Editorial: Lighting up the economy

Legalizing pot isn’t that big a change. It’s already a part of our economy.

Being illegal — for now — makes it hard to pin down just how big the market for marijuana is, but one estimate suggests it’s at least as large as hard liquor sales, about $5 billion annually.

The report, from financial services firm Deloitte, estimates the market for legalized recreational marijuana could give Canada’s economy a $22.6 billion annual boost when you include growers, equipment suppliers and the like.

With that much of an economic boost at stake, it’s a little hard to understand the fear-mongering coming from many levels of society as the date for the promised legalization approaches.

Especially since marijuana is already a big, if underground, part of our daily lives anyway. In a recent column, Dan Albas. Central Okanagan-Similkameen-Nicola MP and former Penticton city councillor, listed off a number of these fear factors, adding that “at this point, there are no answers to any of these concerns.”

That’s not really the case. For example, in the case of youth lighting up, well, they already do, just as they also manage to get their hands on alcohol and cigarettes, also no-no’s for the underage crowd. Legalizing marijuana and taking it out of the hands of street dealers isn’t going to make it easier for youth to get pot; it’s likely going to have the opposite effect.

Higher policing costs? Why would that happen if cops need to spend less of their time hunting down illegal grow-ops? Recreational users getting stoned at work? About as likely as bringing a case of beer to work.

Legalizing pot doesn’t mean it’s suddenly going to be a free-for-all of people lighting up every chance they get and marijuana available everywhere you turn. Like alcohol, it is going to be regulated.

What legalization does do is bring an existing economy into the light of day, generating tax income for governments and taking the profits out of the hands of criminals.

Just Posted

Albas takes on mortgage changes in town hall

Conservative MP mostly echoed chamber of commerce concerns but sparred with one attendee on details

Penticton Vees defenceman Tychonick has four point night

Jonny Tychonick had a goal and three assists to lead the Penticton Vees to a win over Prince George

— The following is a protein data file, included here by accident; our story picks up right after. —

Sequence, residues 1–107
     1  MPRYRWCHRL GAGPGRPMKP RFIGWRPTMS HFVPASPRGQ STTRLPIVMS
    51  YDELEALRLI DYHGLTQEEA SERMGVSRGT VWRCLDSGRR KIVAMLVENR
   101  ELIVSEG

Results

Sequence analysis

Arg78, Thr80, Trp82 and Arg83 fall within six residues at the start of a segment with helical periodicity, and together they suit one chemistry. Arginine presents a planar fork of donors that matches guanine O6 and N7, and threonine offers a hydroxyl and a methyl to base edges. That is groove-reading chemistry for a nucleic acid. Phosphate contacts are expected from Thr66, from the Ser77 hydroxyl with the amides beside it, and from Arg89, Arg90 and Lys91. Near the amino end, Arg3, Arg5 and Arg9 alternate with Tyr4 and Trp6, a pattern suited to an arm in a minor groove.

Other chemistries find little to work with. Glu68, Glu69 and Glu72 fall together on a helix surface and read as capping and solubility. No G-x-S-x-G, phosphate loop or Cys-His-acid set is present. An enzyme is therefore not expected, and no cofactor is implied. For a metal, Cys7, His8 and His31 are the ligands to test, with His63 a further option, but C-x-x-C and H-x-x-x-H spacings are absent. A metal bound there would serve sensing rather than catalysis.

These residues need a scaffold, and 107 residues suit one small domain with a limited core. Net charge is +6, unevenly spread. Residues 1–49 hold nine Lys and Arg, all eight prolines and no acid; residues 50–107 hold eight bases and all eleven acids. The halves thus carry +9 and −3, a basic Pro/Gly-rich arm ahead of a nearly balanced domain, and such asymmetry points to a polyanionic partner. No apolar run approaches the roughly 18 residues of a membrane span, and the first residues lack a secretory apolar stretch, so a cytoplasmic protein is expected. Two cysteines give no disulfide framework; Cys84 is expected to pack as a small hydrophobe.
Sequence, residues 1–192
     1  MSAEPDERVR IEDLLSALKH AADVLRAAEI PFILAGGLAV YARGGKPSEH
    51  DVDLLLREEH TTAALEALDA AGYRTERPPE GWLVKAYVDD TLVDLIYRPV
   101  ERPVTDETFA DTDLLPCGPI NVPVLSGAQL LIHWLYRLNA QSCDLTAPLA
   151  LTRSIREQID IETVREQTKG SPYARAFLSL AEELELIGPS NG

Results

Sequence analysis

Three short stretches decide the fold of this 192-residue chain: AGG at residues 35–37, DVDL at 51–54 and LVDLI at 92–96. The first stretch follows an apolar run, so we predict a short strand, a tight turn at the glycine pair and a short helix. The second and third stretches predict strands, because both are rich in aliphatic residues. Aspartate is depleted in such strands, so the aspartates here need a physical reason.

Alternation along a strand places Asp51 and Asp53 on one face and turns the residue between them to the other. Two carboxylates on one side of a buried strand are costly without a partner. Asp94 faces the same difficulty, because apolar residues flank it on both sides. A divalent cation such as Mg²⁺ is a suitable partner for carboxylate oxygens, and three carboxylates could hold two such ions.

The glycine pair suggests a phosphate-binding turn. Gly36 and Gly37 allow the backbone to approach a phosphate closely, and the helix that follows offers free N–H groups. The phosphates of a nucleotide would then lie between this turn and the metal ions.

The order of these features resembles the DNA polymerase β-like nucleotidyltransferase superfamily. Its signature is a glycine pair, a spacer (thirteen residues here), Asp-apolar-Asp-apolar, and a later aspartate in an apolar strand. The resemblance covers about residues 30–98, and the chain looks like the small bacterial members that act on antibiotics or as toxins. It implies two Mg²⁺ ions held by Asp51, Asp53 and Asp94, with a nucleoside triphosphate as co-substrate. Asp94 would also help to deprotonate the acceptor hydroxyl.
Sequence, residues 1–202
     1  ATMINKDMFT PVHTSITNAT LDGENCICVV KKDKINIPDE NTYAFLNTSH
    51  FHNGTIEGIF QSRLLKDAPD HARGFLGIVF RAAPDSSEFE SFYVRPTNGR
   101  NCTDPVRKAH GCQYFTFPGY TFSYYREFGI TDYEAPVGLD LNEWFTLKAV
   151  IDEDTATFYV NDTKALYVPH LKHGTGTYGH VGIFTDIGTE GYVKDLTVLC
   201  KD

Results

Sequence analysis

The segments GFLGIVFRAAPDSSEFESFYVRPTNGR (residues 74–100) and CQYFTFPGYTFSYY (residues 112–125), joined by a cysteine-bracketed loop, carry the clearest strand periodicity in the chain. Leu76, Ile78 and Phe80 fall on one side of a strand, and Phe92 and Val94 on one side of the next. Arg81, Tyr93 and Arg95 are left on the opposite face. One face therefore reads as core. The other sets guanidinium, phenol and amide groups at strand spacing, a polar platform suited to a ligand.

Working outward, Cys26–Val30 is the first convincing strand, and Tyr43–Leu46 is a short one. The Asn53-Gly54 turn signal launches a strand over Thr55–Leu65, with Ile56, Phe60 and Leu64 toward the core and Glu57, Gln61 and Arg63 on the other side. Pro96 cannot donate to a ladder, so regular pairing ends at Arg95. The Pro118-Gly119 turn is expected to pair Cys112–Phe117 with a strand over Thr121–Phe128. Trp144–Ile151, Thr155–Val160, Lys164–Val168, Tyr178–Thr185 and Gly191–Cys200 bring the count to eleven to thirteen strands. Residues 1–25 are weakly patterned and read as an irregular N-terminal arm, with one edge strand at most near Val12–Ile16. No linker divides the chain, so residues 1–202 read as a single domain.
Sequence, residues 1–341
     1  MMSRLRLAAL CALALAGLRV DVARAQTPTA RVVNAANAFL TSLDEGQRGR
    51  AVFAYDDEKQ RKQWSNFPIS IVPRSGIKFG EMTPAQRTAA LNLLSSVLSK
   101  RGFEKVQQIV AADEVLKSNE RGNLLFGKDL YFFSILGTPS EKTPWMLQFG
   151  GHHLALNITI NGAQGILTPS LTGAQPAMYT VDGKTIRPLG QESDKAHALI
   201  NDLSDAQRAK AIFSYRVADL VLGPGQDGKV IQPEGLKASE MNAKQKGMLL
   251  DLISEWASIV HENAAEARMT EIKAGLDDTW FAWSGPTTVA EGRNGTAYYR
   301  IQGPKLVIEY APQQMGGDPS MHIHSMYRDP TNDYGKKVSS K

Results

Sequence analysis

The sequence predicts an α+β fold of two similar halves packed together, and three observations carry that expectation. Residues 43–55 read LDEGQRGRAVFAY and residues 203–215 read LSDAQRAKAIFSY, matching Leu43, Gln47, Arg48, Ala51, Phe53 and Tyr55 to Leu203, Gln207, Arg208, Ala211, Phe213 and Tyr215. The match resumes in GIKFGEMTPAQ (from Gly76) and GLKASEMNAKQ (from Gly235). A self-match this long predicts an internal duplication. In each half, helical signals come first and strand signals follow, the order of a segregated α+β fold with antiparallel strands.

Penticton organizer caught off-guard on NHL Young Stars comment

Penticton event chair said he cannot confirm or deny anything, just that an event will be held in the city

South Okanagan curling team sweeps into BC Games

Team consisting of Summerland and Penticton players qualifies for the BC Games

Penticton hospital fourth busiest in the region for opioid overdose

The highest was Kelowna General with about 355, followed by Vernon Jubilee 310 and Royal Inland in Kamloops with 180

Your Jan. 19 Morning Brief

Check out the top stories of the day in the Okanagan-Shuswap with Carmen Weld’s Black Press Morning Brief.

Christopher Garnier appealing murder conviction in death of off-duty cop

Jury found Garnier guilty in December, rejecting his claim she died accidentally during rough sex

Transportation watchdog must revisit air passenger obesity complaint

Canadian Transportation Agency must take new look at Gabor Lukacs’ complaint against Delta Air Lines

Gas plants verdict coming down today; ex-premier’s top aides to learn fate

Verdict to be delivered on senior staff to former Ontario premier Dalton McGuinty

Vernon homeless camp decommissioned

Camp off Highway 97 near 48th Avenue knocked down Thursday

Rock slide closes Hwy. 1 south of Ashcroft until Friday afternoon

A rock slide Thursday afternoon near Spences Bridge closed the highway in both directions

WestJet appeals lost bid to scrap harassment lawsuit

Airline argues judge was wrong to have dismissed the company’s application to strike the legal action

Can U.S. border guards search your phone? Yes, and here’s how

Secretary of homeland security explains a new policy that let’s border guards check phones

‘Beautiful writer’ Nancy Richler dies of cancer in Vancouver hospital

Montreal-born author spent most of her adult life in B.C. as a fiction writer and novelist

Most Read